Early in my career, I was introduced to a man who, starting with a single tire store, grew his business into a million-dollar empire. One vital tip he shared was, “after you have been in business for ten years, something magical happens. Customers from long ago will appear seemingly out of nowhere and significantly add to your sales volume.”
This fact was verified many times as clients for whom we had catered one event six, seven or eight years in the past suddenly reappeared with requests for new catering services. It was great to get a late Friday afternoon call from a previously satisfied customer who was having a big event and now needed us again.
Every day you are in business, you are building an important base of potential repeat business–event by event and delivery by delivery–and if you to learn how to drive that process, it can be a game-changer.
I recently returned from the annual Catersource Conference and Tradeshow. This year it was hosted in The Big Easy, (New Orleans). I was struck that a number of attendees I spoke to, were in essence looking for the “magic bullet” that would automatically and quickly increase their sales. As I stress in my seminars, no such thing exists. The process of acquiring customers and converting then into clients, (our code term for “repeat business”) is not complicated. It does require hard work, organization, persistence, patience and a modest, but necessary, investment.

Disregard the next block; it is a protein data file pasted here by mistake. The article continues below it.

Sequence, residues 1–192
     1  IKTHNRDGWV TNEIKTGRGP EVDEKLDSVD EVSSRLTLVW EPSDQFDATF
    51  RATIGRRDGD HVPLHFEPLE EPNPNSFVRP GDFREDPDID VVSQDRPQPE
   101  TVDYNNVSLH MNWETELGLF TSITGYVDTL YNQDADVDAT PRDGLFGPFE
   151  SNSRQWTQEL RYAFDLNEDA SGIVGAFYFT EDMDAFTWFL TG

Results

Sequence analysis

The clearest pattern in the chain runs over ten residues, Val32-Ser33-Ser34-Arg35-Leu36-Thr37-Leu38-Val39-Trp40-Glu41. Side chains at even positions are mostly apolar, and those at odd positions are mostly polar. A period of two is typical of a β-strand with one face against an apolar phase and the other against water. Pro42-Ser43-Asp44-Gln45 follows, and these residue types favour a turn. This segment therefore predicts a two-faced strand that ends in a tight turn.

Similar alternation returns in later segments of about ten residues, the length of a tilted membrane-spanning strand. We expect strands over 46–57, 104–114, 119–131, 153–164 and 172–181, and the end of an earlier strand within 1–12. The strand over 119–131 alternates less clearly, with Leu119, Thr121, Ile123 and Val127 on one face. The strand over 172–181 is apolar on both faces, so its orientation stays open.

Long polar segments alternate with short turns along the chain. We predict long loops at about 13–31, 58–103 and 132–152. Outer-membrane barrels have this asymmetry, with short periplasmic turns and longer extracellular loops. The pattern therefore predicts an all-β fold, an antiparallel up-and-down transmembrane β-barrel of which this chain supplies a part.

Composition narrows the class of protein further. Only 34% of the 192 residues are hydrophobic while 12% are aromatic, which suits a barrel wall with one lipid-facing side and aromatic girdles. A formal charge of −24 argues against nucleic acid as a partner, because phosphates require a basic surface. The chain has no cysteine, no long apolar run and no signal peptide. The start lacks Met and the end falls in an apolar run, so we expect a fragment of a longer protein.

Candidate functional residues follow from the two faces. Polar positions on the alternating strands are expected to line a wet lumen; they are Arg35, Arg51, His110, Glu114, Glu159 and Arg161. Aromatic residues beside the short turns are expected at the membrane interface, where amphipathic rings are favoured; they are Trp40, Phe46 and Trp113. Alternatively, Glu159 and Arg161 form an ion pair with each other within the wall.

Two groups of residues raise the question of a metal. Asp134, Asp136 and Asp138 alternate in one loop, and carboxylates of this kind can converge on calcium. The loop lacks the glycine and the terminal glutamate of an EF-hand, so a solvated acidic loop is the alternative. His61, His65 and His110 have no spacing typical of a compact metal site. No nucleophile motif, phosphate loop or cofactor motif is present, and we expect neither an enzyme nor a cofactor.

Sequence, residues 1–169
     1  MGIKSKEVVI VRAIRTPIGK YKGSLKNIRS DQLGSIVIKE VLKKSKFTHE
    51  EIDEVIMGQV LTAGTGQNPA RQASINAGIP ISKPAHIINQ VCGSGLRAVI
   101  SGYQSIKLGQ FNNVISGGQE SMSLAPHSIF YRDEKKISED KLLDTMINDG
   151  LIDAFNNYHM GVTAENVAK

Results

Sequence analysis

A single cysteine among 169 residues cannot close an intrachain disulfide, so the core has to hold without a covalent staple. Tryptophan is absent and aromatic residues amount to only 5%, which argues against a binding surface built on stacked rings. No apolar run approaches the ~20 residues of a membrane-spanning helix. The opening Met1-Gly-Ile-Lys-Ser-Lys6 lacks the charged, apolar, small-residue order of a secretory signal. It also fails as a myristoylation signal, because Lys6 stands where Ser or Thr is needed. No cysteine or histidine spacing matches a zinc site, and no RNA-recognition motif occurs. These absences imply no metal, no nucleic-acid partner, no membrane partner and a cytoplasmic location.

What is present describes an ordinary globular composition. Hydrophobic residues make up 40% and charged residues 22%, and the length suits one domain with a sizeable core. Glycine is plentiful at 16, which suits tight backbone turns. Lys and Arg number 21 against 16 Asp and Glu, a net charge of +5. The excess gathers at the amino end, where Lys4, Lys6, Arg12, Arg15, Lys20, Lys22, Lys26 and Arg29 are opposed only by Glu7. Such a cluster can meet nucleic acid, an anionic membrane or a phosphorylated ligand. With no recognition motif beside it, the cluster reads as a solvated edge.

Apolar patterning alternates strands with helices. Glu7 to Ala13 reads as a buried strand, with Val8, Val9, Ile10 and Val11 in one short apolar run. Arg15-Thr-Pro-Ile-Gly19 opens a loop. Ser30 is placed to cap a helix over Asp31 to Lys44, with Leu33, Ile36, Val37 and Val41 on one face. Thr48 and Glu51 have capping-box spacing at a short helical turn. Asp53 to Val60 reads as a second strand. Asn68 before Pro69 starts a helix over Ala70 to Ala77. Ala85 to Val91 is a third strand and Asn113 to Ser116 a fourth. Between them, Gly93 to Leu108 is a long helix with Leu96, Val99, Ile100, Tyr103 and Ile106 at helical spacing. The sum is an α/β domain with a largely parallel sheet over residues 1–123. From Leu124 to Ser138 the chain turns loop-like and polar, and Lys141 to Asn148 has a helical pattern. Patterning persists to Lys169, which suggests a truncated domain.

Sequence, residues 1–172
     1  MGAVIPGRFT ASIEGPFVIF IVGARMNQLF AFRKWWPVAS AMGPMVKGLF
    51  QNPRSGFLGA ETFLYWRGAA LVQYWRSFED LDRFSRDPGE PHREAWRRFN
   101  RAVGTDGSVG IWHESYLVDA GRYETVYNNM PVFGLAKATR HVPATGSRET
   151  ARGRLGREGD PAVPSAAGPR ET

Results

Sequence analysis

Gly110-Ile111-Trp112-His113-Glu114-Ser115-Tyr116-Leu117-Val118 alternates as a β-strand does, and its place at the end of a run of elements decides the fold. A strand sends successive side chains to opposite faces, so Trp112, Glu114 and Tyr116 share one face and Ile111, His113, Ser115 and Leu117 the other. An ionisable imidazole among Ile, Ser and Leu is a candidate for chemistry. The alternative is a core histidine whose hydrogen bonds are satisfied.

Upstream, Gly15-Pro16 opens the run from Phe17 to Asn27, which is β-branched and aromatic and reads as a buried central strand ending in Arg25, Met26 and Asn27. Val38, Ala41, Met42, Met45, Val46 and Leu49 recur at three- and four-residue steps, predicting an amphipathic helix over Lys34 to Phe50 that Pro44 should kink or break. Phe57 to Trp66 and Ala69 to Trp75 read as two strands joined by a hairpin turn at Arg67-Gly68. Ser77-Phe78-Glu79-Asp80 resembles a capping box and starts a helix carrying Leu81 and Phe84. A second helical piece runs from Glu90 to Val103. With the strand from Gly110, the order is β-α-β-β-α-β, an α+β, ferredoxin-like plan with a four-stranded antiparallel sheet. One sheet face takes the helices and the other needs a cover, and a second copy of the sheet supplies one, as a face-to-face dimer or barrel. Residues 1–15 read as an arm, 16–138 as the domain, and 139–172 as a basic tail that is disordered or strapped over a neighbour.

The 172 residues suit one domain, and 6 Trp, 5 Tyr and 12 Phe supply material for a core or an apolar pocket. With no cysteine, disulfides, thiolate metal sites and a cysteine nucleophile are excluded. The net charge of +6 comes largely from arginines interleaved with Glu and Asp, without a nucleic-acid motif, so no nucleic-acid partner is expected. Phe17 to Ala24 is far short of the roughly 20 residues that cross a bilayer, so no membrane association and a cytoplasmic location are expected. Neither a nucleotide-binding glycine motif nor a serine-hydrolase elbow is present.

Following are some ideas that will help you grow your catering operation through repeat business:
1) Always acknowledge a thank you after a first order. This can be a postcard, an email or a phone call. Don’t wait too long… a same day or next day follow-up after the first delivery is invaluable.
2) Start multiple email lists. Have a list for frequent orderers, those who have only ordered breakfast, those that you serve only once a year, etc. By sending custom emails to selected groups you can cross-sell. It’s a lot easier to sell to a current client than to start from scratch with a cold call.
3) Send out a monthly newsletter. This can be very general and not “salesy.” Keep your name and your business alive in the minds of active and potential customers.
The late Ron Vogt from Milwaukee WI started a catering business from a shopping mall fast food outlet and sold it after he reached the million-dollar sales mark. Ron said two words that have stayed with me for many years: “business fades.” What Ron meant was that your sales will naturally decrease because of any number of reasons including:
- Customers move away.
- Customers die.
- Customers get different jobs and don’t need to order catering from you anymore.
- Customers are unhappy.
Learning to retain the ones you have and grow your repeat business is the best way to counteract this trend.
Catersource was great and what I have outlined here is only the beginning. Please feel free to call or email me, and we’ll talk about your operation and what The Corporate Caterer can do to help you succeed.